Photo by Terje Pedersen / NTB scanpix One of the world's largest producers of aluminum has been forced to shut down several of its plants across Europe and the U.S. after an "extensive cyber attack" hit its operations, leaving companies' IT systems unusable. According to a press release shared by Aluminum giant Norsk Hydro today, the company has temporarily shut down several plants and switched to manual operations, "where possible," in countries including Norway, Qatar, and Brazil in an attempt to continue some of its operations. The cyber attack, that began in the U.S.,was first detected by the company's IT experts around late Monday evening CET and the company is working to neutralize the attack, as well as investigating to know the full extent of the incident. "Hydro's main priority is to continue to ensure safe operations and limit operational and financial impact. The problem has not led to any safety-related incidents," t

Popular Torrent Uploader 'CracksNow' Caught Spreading Ransomware

Popular Torrent Uploader 'CracksNow' Caught Spreading Ransomware
February 18, 2019Wang Wei
It's not at all surprising that downloading movies and software from the torrent network could infect your computer with malware, but it's more heartbreaking when a popular, trusted file uploader goes rogue. Popular software cracks/keygens uploader "CracksNow," who had trusted status from many torrent sites, has now been banned from several torrent sites after he was repeatedly found distributing the malware bundled with his uploads. In recent months, according to TorrentFreak , many downloaders complained that the files they downloaded, shared by CracksNow on torrents, found containing GandCrab ransomware and other malware that can do severe damage to computers. Discovered earlier last year, GandCrab is a widespread ransomware threat, like every other ransomware in the market, that encrypts all files on an infected system and blackmails victims to pay a ransom in digital currency to unlock them. GandCrab ransomware was being distributed late last month via a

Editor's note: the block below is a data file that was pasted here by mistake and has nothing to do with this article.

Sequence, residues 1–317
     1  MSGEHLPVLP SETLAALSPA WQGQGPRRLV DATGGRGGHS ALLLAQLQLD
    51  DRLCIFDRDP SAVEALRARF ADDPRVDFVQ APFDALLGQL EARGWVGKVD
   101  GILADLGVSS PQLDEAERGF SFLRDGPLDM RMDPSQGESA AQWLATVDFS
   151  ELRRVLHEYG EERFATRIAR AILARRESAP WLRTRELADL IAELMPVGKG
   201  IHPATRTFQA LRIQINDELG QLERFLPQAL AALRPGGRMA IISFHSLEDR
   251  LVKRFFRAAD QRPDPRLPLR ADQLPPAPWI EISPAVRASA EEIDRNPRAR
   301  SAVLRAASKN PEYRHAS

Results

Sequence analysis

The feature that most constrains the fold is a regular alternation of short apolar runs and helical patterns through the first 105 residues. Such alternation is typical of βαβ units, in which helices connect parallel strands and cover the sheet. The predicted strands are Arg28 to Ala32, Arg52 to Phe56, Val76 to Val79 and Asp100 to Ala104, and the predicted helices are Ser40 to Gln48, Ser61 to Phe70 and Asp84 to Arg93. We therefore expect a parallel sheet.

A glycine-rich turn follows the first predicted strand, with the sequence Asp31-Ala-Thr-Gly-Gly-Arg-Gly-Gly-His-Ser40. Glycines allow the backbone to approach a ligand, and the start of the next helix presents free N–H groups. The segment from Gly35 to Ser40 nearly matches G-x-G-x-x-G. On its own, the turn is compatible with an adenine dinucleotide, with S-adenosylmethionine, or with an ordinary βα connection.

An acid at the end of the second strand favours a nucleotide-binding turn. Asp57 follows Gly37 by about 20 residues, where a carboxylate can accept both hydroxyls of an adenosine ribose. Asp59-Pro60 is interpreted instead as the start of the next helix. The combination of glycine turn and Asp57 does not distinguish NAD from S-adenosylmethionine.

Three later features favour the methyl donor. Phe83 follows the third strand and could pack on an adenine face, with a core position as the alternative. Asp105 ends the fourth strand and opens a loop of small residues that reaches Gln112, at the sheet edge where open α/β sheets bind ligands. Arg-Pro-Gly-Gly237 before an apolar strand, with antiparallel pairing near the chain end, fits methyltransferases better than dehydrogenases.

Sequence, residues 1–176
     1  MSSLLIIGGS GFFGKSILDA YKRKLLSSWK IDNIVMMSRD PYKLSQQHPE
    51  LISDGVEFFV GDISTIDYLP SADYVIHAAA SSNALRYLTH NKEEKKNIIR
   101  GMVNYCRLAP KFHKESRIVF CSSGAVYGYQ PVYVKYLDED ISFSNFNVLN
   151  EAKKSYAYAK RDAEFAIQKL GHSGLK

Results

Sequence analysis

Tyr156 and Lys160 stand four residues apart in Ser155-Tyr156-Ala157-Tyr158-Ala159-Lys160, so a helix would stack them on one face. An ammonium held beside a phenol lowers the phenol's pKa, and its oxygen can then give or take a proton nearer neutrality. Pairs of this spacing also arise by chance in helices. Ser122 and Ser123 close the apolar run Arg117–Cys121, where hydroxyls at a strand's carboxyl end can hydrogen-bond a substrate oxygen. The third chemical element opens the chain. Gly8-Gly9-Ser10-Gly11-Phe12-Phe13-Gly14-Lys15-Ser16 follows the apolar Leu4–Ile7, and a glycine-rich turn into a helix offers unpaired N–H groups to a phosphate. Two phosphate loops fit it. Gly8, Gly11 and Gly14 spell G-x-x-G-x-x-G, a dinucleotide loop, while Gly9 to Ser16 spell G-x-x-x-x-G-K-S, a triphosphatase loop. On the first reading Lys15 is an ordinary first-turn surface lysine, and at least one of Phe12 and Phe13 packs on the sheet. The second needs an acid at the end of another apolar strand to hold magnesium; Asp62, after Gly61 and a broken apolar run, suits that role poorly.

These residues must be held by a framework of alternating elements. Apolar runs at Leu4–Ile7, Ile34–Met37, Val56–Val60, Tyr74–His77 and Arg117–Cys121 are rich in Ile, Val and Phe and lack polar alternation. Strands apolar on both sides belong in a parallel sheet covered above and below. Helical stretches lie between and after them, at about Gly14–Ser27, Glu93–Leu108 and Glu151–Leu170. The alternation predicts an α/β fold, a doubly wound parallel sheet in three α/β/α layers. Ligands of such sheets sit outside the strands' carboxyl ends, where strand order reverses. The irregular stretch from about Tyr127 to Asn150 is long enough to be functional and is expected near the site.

GandCrab ransomware and Ursnif virus spreading via MS Word macros

GandCrab ransomware and Ursnif virus spreading via MS Word macros
January 25, 2019Swati Khandelwal
Security researchers have discovered two separate malware campaigns, one of which is distributing the Ursnif data-stealing trojan and the GandCrab ransomware in the wild, whereas the second one is only infecting victims with Ursnif malware. Though both malware campaigns appear to be a work of two separate cybercriminal groups, we find many similarities in them. Both attacks start from phishing emails containing an attached Microsoft Word document embedded with malicious macros and then uses Powershell to deliver fileless malware. Ursnif is a data-stealing malware that typically steals sensitive information from compromised computers with an ability to harvest banking credentials, browsing activities, collect keystrokes, system and process information, and deploy additional backdoors. Discovered earlier last year, GandCrab is a widespread ransomware threat that, like every other ransomware in the market, encrypts files on an infected system and insists victims to pay a ransom

PyLocky Ransomware Decryption Tool Released — Unlock Files For Free

PyLocky Ransomware Decryption Tool Released — Unlock Files For Free
January 11, 2019Mohit Kumar